In fact, China was one of the major areas of dispute between the now-ousted Sharif and the establishment – the military and intelligence service. The Pakistani establishment typically deals with Chinese affairs, but Sharif and the PML-N wanted more of a stake in the CPEC projects.
According to Shezad Baloch, “CPEC provides a handy slogan for all political parties. People of all political persuasions can get behind the promise to provide basic necessities, infrastructure and development that CPEC offers.” However, he adds, “The man or woman on the street, however, is still not fully aware of the ramifications of this massive project, making it easy for any political party to exploit it.”
Average Pakistanis think that CPEC is going to change the fate of not only the country but also the entire South Asia region. On the contrary, educated Pakistanis are alarmed about the ramifications, particularly the loans coming from China. They are apprehensive that Gwadar could meet the same fate as Hambantota port in Sri Lanka, which had to be ceded to China due to Colombo’s inability to repay the loans that paid for the port’s construction.
Much like Pakistan, Sri Lanka has been dependent on Chinese loans. Former Sri Lankan president Mahinda Rajapaksa was at the forefront of allowing China a greater role in his country. As a result, China increased its footprint in Sri Lanka. Unsurprisingly, then, Beijing was highly invested in keeping Rajapaksa in power. A New York Times report by Maria Abi-Habib found that “in the final months of Sri Lanka’s 2015 election, China’s ambassador broke with diplomatic norms and lobbied voters, even caddies at Colombo’s premier golf course, to support Mr. Rajapaksa over the opposition, which was threatening to tear up economic agreements with the Chinese government.”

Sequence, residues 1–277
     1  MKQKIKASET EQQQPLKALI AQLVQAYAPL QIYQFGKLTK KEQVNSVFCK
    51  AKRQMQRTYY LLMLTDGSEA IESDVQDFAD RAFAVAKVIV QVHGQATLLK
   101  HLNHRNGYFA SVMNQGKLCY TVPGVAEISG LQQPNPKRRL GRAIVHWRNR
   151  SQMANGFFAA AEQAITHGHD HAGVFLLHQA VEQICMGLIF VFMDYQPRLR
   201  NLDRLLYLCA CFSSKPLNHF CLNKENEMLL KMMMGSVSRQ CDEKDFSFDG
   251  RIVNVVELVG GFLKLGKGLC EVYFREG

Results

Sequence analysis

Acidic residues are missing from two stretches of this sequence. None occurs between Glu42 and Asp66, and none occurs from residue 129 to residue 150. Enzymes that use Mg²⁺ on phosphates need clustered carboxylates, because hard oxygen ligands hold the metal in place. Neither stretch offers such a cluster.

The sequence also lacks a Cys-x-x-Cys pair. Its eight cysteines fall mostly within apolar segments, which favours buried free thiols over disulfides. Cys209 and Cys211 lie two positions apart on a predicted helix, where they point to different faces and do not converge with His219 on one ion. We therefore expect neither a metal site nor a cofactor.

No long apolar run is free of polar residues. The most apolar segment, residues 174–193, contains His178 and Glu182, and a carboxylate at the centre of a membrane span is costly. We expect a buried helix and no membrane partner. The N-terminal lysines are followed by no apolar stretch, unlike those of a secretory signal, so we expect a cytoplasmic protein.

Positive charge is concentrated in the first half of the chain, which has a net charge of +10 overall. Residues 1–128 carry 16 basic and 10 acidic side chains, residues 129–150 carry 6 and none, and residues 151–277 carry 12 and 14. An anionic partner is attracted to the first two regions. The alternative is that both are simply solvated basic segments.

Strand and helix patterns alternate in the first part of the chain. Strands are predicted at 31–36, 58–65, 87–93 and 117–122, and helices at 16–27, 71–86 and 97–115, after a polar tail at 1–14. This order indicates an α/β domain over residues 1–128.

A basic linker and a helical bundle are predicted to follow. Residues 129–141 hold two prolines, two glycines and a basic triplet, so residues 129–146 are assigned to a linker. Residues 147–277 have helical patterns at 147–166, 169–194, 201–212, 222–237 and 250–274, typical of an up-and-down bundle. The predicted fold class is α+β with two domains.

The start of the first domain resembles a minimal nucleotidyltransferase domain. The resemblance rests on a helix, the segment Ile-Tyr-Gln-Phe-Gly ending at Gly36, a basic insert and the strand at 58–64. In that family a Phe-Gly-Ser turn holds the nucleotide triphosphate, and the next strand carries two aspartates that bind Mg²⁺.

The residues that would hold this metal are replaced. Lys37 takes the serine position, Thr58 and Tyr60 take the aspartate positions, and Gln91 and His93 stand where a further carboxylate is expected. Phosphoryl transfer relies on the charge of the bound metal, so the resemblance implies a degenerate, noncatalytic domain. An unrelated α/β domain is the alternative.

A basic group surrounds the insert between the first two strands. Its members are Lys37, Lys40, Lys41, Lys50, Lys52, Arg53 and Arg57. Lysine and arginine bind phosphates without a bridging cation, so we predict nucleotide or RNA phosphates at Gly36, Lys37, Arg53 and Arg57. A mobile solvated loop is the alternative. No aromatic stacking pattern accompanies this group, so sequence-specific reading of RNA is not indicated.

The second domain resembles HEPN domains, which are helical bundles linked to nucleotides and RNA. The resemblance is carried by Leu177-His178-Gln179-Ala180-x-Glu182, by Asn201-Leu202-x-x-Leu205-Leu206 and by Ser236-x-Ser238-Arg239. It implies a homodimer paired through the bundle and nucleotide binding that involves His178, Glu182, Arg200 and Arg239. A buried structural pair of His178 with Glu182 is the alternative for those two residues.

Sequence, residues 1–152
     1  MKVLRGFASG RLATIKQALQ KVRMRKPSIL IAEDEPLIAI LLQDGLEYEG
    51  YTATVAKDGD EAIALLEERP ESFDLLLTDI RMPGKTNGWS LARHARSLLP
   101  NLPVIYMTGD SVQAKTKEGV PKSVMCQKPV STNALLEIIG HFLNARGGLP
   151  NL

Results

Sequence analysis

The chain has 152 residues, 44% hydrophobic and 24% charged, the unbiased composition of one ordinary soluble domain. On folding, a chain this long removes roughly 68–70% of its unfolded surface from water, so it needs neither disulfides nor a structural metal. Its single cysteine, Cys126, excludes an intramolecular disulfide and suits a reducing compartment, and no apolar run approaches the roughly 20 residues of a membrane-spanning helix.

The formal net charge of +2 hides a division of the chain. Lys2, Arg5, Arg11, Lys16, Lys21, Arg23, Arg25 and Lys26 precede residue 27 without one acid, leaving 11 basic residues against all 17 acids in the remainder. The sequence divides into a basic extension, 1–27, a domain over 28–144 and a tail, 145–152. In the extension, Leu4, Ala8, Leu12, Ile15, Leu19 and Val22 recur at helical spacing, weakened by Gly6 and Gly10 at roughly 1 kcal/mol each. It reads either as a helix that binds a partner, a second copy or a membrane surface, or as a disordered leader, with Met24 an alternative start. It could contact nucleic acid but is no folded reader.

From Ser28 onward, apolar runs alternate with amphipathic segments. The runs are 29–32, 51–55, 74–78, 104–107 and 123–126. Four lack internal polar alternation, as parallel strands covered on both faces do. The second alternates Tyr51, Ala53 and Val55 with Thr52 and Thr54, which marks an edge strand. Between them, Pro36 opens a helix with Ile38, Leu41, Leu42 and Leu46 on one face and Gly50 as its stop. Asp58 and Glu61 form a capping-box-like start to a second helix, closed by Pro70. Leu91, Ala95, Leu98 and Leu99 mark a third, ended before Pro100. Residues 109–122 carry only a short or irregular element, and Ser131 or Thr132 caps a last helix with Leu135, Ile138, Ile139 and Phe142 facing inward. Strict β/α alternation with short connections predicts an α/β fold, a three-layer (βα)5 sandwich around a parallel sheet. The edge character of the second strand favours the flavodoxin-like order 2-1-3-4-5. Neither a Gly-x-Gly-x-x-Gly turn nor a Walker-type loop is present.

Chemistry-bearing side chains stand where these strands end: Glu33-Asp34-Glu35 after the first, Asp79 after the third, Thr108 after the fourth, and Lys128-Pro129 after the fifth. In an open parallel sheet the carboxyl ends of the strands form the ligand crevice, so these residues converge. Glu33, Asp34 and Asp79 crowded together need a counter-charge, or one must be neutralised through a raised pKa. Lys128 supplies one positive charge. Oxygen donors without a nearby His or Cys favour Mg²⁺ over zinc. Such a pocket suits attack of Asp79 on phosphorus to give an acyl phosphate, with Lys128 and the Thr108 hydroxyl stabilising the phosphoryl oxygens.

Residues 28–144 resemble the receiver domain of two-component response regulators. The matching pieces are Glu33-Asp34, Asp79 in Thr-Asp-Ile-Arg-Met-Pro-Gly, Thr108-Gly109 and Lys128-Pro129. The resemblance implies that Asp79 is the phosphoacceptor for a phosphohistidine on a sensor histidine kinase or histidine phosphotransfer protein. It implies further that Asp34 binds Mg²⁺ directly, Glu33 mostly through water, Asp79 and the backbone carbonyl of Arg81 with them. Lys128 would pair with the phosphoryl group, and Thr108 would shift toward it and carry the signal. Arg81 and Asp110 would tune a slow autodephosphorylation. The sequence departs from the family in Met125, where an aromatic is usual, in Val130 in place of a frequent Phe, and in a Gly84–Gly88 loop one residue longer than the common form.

Even more telling, “At least $7.6 million was dispensed from China Harbor’s account at Standard Chartered Bank to affiliates of Mr. Rajapaksa’s campaign,” Abi-Habib wrote.
Could China do the same in Pakistan?
As Pakistani columnist Khurram Hussain wrote in Dawn, “Now that Pakistan is approaching a moment that Sri Lanka passed in 2015, and Malaysia passed in May, perhaps an opportunity to more publicly evaluate the financials of these projects is opening up before us.” China will be hoping to prevent that very outcome, which could led to public questioning of CPEC projects.
Undoubtedly, Beijing wants to see parties to come to power that would welcome future Chinese investments. But according to Kugelman, China doesn’t have much to worry about. “I don’t think China is particularly concerned about the election outcome,” he says. “It [China] knows that there is a strong political consensus in Pakistan for a continued deep Pakistan-China relationship and for continued efforts to build out the CPEC project.”
“No matter what the next Pakistani government looks like, Beijing will be happy to work with it. And the next Pakistani government will be happy to work with Beijing,” he concludes.
Oxford University professor and author Peter Frankopan predicts that “China will watch the elections in Pakistan closely.”
“But what is perhaps more significant [than which party wins] will be that the election produces a clear result,” he continues. “Investment – and good relations – require stability and knowing what to expect in the future.”
“Elections are always momentous occasions; but given what is at stake, more hangs on the decisions made by voters in Pakistan in 2018 than perhaps at any point in the last seven decades.”
Muhammad Akbar Notezai works with Pakistan’s daily Dawn.